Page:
Red Ventures defined its a UX Strategist role as follows:

“An Internet User Experience Strategist … will be responsible for driving continuous improvement in response rates, sales conversion rates, and average transaction values across our portfolio of Web sites. … The Internet User Experience Strategist will be focused on analyzing performance data to identify and quantify improvement opportunities, generating ideas for user experience and merchandising improvements, setting and managing a testing agenda, measuring and interpreting test results, and making quantitatively backed recommendations on how to further improve campaign performance.

“This position will have exposure and responsibilities across all of Red Ventures’ business units and Web properties. This position requires a progressive, on-the-spot, creative problem solver with knowledge of user experience and online merchandising best practices and testing methodologies.”

NEW Customer Service Companies published an ad for a UX Strategist. Here is an excerpt:

“You will lead the strategic and functional design effort on a variety of projects in a highly collaborative, fast-paced environment. Work closely with senior management, business primes, product and project managers, back-end and Web interface developers to develop best-in-class software and online experiences.”

The same ad defined the following responsibilities for the UX Strategist role:

  • “Champion thought leadership and process development by deftly balancing business strategy, research findings, and creative innovation and ideation to generate unique, strategic solutions to satisfy a wide variety of needs and goals; evangelize this strategy through key business units and stakeholders.
  • Create and actively maintain the UX strategy, vision statement, design guidelines, and best practices through proper documentation and supporting illustrations, including storyboards and context scenarios; actively apply to develop high-quality user flows and end-to-end experiences.
  • “Support product development processes from beginning to end, including requirements analysis, user research, prototyping, usability testing, and review.”

Karsh recently advertised a Senior User Experience Strategist position for its Denver office. The ad copy was as follows:

“We are looking for a Senior User Experience Strategist to join our rapidly growing, highly collaborative advertising / branding / marketing agency to help craft interactive experiences that connect the sales process and loyalty loop for our clients…. We are looking for a self-starter who can think big, sell ideas, and execute in a collaborative work environment. Someone who wants to mentor, teach, evangelize UX, and grow this position beyond the base expectations as the agency and client base … grows.”

IC Creative advertised a User Experience Strategist position in London that started with the following enticing description:

“Are you a senior or lead user experience designer who would like to leave the design desk behind and move into high-level discussions with project stakeholders / clients about the finer points of user experience and service solution design?”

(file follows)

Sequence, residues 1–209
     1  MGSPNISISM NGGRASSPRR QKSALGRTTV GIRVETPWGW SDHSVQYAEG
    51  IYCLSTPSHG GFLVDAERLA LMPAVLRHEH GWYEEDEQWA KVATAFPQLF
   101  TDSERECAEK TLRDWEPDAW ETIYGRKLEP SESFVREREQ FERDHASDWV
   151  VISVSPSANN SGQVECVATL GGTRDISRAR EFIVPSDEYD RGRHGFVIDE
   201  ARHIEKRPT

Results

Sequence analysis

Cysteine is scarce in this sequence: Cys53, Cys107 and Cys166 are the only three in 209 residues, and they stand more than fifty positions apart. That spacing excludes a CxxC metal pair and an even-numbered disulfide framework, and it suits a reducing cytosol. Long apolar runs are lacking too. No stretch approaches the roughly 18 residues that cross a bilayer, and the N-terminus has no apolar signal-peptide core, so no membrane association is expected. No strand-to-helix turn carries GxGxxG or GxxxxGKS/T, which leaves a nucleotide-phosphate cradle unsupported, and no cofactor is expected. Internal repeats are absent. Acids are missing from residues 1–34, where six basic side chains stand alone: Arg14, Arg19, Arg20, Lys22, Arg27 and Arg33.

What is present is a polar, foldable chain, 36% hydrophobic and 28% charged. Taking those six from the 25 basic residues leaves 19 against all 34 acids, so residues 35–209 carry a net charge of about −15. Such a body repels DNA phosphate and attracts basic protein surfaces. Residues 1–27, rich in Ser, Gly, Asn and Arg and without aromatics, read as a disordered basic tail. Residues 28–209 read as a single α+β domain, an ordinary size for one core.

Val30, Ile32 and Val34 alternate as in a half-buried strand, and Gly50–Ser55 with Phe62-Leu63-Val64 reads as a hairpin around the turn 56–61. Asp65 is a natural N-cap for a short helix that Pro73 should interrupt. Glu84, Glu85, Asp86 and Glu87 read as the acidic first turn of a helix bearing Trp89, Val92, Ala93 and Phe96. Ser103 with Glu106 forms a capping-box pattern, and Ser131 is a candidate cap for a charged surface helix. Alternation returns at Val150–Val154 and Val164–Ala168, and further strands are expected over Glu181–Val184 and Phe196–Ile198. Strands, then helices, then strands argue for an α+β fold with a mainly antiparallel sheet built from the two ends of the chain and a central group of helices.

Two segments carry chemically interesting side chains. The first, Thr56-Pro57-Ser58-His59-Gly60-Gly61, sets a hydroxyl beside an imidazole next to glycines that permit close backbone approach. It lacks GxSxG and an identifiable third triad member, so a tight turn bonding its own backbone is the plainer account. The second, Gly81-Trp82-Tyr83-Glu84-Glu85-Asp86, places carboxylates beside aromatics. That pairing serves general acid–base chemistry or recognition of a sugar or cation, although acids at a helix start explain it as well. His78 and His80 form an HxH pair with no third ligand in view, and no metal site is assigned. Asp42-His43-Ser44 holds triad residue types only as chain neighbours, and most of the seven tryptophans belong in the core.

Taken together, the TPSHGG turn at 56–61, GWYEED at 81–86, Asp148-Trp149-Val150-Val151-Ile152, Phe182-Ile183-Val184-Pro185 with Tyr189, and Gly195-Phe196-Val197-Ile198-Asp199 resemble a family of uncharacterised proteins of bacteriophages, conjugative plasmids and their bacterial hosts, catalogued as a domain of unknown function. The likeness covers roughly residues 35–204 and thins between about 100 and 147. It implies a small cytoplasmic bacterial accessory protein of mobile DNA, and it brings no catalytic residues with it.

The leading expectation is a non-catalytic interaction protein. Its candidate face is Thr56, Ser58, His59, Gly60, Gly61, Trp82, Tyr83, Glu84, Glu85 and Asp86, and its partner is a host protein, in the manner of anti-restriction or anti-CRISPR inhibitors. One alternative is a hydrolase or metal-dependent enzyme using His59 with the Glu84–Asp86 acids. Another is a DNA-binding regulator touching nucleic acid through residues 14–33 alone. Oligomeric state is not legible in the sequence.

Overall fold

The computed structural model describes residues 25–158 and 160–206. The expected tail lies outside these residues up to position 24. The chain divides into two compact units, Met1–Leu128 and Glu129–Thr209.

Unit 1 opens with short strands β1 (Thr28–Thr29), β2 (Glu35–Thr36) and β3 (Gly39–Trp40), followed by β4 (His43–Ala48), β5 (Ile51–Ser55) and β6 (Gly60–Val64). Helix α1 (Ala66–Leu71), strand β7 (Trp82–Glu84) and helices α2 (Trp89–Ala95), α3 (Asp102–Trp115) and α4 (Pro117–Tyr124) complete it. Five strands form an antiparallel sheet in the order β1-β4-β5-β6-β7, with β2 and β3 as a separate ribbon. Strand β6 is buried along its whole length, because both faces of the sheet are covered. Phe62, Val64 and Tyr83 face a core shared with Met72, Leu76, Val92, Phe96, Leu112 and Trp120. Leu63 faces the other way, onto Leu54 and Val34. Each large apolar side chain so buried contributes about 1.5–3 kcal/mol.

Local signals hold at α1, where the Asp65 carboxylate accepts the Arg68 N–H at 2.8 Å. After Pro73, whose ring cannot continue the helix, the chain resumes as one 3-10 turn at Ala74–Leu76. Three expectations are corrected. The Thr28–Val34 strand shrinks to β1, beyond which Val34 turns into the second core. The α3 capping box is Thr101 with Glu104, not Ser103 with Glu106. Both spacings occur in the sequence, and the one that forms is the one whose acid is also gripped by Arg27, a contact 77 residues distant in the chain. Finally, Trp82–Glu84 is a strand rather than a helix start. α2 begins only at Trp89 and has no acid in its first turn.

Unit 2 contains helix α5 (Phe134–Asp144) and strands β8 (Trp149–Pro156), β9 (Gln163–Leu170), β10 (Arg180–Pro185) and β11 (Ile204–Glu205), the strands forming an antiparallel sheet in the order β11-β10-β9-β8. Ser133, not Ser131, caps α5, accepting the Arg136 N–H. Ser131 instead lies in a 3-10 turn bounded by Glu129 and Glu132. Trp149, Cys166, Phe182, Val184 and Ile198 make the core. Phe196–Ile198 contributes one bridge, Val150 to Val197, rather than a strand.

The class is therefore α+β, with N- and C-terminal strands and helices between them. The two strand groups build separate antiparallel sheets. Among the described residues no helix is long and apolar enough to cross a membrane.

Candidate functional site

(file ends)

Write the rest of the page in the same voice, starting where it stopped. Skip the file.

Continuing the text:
The common themes among these job postings is that UX Strategists have these responsibilities:

  • Define the UX vision.
  • Create UX strategies.
  • Advance the UX practice within a company.
  • Work across business units and departments.
  • Analyze quantitative and qualitative user research.
  • Synthesize customer data from many sources to identify opportunities and recommend design directions.
  • Identify user requirements to shape and prioritize feature sets.
  • Connect design strategy to business results.
  • Produce a UX roadmap.

Self-Descriptions from UX Strategists

I’ve also read quite a few professional profiles of people who have User Experience Strategist as their job title. I tried to find a consistent pattern among these profiles, but wasn’t able to discern one. Most of the personal profiles that I reviewed merely listed standard UX skills, activities, and deliverables—such as conducting user research and creating wireframes. As a whole, the excerpts from job postings that I included earlier communicated a much clearer image of a UX Strategist role than do people working in the role. What does that tell us? Perhaps people had to start calling themselves UX Strategists willy-nilly before organizations were willing to generate the corresponding positions with that job title, and now companies have taken the lead in defining the role.

Overlaps with Other Disciplines

As I was doing the research for this column, it became clear to me that the rush of businesses into all things digital and mobile has led to something of a land grab in terms of who owns the customer experience and at what level they own it. Some of the areas that commonly overlap with UX strategy, depending on the way a particular company structures its workforce and activities, include:

  • customer experience
  • business strategy
  • marketing strategy
  • digital strategy
  • product management

Customer experience is broader than user experience. It comprises all of the touchpoints between a company and its customers. The rise of customer experience and user experience has been concurrent, but user experience probably has more traction in terms of concrete roles within organizations. But which discipline is likely to attain the Chief Experience Officer (CXO) role in larger numbers? If UX Strategists hope to make this leap, they’ll need to develop a much broader range of expertise and visionary scope than the professional profiles I reviewed for this article currently reflect.

Business strategy and UX strategy roles don’t currently overlap too much. In fact, I’ve found that working closely with a Business Strategist can be very invigorating, with both of us bringing complementary skills to the table and having very similar goals in mind. However, as Business Strategists take a more active interest in user experience, they may feel that UX Strategists have appropriated some activities that Business Strategists should own. For this reason, it’s important for UX Strategists to tackle the task of learning standard business terminology, metrics, and deliverables earlier rather than later, so they can justify their claim to making decisions pertaining to user experience for the business.